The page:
After two days of flying, Buckey and I arrived in Kathmandu on Saturday. We have been running around and getting organized for our hike, exploring the tourist district of Thamel (pronounced Tah-mell), and eating lots of food and drinking beers and milk tea.
For the first stretch of our hike, we are going to eastern Nepal.
We have a rough itinerary as follows:
- Tomorrow we take a bus to Bhadrapur. It is a 16-hour bus ride. We could have opted to fly in 45 minutes, but it’s much cheaper to take the local bus. The day after, we will likely catch a jeep ride to Tharpu to begin our hike.
- From Tharpu, we plan to hike to the India border. Then we will backtrack to Tharpu and walk to Taplejung. This section will take about a week to complete.
- It will take about 5 days to do the next stretch of our trek, which is Taplejung to Tumlingtar. We’re sticking to the low route for the first two weeks of our hike. The weather forecast says snow and freezing temperatures for the low route, and we don’t want to deal with even colder conditions on the high route.
- From Tumlingtar, we plan to hike up to Makalu Base Camp. There will be snow on a few of the passes, so we’ll see how it goes. If we don’t make it that’s OK too. If we do make it all the way up, it should take about 2 weeks.
- We will return to Tumlingtar and continue on to Lukla, the entry point for the Everest region. This will take about 5 days.
- At Lukla, we will hike on up to Everest Base Camp and Gokyo. We’ll probably do a few of the passes. We plan on spending about 3 weeks in the Everest region. After Lukla, we will walk to Jiri and take a bus back to Kathmandu where we will relax and get organized for our next stretch. All of this should take about 2 months.
As far as gear and food for this stretch goes, most of this section has guest houses where we can stay. We are bringing all of our camping gear along, as well as 7 days of food. Most of the camping will be during the first week and potentially a few nights during Makalu Base Camp.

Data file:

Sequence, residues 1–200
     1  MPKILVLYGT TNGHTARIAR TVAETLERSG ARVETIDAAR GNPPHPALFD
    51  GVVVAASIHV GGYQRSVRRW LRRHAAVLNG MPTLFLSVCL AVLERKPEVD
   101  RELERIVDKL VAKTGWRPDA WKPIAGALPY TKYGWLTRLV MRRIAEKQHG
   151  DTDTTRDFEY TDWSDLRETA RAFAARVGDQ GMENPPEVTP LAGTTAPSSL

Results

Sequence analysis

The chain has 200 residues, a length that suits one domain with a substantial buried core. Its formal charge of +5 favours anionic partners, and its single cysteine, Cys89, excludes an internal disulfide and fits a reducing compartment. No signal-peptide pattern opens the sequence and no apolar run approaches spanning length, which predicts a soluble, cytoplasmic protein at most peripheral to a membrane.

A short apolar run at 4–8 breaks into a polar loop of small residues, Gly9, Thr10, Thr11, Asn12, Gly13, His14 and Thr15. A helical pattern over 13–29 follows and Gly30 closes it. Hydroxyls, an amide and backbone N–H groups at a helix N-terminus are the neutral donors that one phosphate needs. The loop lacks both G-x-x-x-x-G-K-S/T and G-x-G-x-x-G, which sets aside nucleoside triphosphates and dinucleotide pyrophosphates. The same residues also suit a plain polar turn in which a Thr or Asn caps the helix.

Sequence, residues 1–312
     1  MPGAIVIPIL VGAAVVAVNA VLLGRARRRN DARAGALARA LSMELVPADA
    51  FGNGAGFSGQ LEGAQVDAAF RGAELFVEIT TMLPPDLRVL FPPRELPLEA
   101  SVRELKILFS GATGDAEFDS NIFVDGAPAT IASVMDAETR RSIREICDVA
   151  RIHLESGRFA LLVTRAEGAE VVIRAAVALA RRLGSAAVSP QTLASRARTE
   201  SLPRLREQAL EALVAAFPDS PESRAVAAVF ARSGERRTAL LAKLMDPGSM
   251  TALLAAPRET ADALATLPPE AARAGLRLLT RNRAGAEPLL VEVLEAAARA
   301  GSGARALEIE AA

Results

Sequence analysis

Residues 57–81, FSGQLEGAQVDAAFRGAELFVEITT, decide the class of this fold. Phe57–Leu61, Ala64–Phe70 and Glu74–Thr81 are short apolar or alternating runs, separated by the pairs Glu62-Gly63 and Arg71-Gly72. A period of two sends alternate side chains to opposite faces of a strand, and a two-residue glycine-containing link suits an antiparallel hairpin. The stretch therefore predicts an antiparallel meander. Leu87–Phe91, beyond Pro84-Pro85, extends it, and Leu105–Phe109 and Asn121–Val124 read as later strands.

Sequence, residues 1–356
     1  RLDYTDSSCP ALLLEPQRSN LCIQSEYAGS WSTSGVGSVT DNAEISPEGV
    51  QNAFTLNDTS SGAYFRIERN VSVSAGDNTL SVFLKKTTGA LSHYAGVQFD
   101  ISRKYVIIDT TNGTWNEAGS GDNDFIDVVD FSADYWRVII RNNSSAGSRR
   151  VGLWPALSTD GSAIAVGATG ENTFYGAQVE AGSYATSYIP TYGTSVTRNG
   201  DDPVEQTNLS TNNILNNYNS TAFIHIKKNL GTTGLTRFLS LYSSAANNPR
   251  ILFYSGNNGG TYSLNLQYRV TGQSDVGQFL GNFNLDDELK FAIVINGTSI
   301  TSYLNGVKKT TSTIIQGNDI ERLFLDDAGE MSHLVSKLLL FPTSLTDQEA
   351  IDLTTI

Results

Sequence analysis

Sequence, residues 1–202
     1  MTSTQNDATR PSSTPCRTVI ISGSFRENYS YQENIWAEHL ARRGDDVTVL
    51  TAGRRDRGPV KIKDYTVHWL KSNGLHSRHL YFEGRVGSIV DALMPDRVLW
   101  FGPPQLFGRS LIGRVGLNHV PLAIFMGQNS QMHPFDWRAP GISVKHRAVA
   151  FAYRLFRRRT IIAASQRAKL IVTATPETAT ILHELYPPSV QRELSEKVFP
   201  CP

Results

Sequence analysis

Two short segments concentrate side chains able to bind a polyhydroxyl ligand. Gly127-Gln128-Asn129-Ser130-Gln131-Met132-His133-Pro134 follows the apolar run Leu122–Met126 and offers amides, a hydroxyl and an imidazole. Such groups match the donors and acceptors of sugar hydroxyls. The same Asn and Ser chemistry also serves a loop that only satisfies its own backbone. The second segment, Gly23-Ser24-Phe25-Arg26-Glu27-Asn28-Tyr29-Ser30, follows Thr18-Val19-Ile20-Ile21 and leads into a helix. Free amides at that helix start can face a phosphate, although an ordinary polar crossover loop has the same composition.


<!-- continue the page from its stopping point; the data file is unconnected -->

We had to get trekking permits (TIMs cards) for the Everest and Makalu regions. It was difficult to get the Makalu permit, as the person at the TIMs office thought we needed a guide for this section. After convincing her otherwise, she made a phone call and ultimately issued the permit.
In Kathmandu, we visited the monkey temple. A baby monkey snuck up behind me and grabbed my leg. Buckey has made friends with every person he’s talked to at our hotel. He’s also discovered his love for momos, which are a meat and spice filled steamed dumpling. We have a favorite local momo spot by our hotel, where we both got lunch and tea for 360 rupees (about $3.60).
I also got to see my friend Pasang, who is a climbing guide from the Everest region. I met him in 2015 when I hiked the 3 Passes Trek. He’s running for mayor of his home village Khumjung, near Namche Baazar.
3 Things from Buckey:
- Kathmandu is pleasantly chaotic.
- The food is better than I was anticipating.
- I like the city, but I’m ready to start trekking.